A convoy of nine APCs painted with the Russian flag were seen on the road between the port city of Sevastopol and the regional capital of Sinferopol. Reporters spotted them parked on the side of a road near the town of Bakhchisarai, apparently stalled after one vehicle developed a mechanical fault.

The Russian foreign ministry said movements of vehicles belonging to the Russian Black Sea Fleet were prompted by the need to ensure the security of its base in Sevastopol. Russia is supposed to notify Ukraine of any troop movements outside the naval base. The Ukrainian defence ministry said it had no information about the vehicles' movements.

Alberta doctor tells U.S.: Canada is ‘lying’ about tar sands’ health effects

A northern Alberta doctor warned U.S. Senators on what he says have been the devastating health impacts of the tar sands on families – effects, he says, that have been willfully “ignored” by the Canadian and Alberta governments.
“I appeal to you to keep up the pressure – this is an ongoing tragedy.  A total disgrace,” said Dr. John O’Connor, Wednesday in Washington, D.C.

Grand Chief predicts repeat of Oka crisis if feds fail to consult First Nations before Enbridge Northern Gateway decision

Natural Resources Minister Joe Oliver announced yesterday that the federal government's decision to the deeply controversial Enbridge Northern Gateway pipeline is expected some time in mid-June. For it to be approved, however, the federal government is constitutionally required to meaningfully consult First Nations along the pipeline route. 

North Korea Fired 4 Suspected Missiles Into Eastern Waters, Seoul Says

SEOUL, South Korea (AP) — North Korea fired four suspected short-range missiles into its eastern waters Thursday, South Korean defense officials said, in an apparent effort to protest ongoing U.S.-South Korean military exercises that Pyongyang calls a rehearsal for invasion.

The launches, however, weren't expected to raise tension as North Korean routinely tests short-range missiles and it has recently sought better ties with South Korea in what outside analysts say is an attempt to win badly-needed foreign investment and aid. The rival Koreas this month held their first reunions of Korean War-divided families in more than three years.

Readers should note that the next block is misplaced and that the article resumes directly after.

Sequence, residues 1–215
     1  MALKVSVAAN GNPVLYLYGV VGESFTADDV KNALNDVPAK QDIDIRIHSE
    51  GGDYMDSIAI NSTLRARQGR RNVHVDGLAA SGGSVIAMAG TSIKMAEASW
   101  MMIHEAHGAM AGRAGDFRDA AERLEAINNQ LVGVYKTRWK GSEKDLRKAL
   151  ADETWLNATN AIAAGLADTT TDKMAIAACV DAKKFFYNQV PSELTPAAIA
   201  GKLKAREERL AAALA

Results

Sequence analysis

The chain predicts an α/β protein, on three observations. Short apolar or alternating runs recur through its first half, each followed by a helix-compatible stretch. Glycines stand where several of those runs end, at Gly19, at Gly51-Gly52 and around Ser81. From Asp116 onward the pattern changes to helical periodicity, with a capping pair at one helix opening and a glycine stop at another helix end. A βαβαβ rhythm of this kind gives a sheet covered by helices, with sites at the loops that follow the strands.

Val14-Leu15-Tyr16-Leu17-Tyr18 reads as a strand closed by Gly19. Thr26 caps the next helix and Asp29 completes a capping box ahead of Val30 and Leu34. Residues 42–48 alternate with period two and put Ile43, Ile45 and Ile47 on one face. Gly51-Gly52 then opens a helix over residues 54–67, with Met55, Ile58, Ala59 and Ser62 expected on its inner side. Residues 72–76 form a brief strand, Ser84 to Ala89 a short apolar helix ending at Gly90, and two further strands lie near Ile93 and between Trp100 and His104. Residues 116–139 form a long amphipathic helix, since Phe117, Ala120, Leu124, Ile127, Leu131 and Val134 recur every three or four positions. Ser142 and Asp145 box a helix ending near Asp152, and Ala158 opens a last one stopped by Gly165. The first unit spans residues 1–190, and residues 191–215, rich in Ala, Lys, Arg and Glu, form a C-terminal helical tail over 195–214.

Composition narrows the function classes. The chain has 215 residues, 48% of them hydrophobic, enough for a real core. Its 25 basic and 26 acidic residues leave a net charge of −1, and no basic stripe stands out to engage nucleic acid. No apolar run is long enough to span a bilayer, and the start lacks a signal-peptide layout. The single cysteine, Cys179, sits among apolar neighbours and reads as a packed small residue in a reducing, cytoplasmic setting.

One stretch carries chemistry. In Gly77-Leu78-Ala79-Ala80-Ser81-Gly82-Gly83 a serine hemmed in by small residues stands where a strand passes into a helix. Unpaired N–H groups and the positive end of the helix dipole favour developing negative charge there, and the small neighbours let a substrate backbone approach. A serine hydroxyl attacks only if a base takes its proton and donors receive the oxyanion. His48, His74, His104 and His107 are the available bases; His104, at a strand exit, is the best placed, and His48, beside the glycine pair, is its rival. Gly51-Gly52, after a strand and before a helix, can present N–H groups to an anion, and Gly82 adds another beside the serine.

Ukraine: Armed Men In Russian Uniforms Reportedly Occupy Crimea Airport

IMFEROPOL, Ukraine (AP) — A protest leader expected to become Ukraine's next prime minister says the country's future lies in the European Union but with friendly relations with Russia.

Arseniy Yatsenyuk said Ukraine doesn't want a fight with Russia, but insisted the country wouldn't accept the secession of the southern Crimea region, where unknown gunmen on Thursday occupied local government buildings and raised the Russian flag.

He said Crimea "has been and will be a part of Ukraine."

The 39-year-old Yatsenyuk has been nominated by Ukraine's interim leaders to become prime minister. A vote was expected in Parliament later Thursday.

Yatsenyuk said tough reforms are needed to prevent Ukraine, divided in loyalties between Russia and the West, from collapsing economically and politically.

Original Article
Author:  AP  | by  DALTON BENNETT


In the ongoing debate about rising income inequality, two questions are often raised: one from the left—Is rising inequality impeding economic growth? And the other from the right: Does tackling inequality, which usually involves some form of redistribution, reduce growth?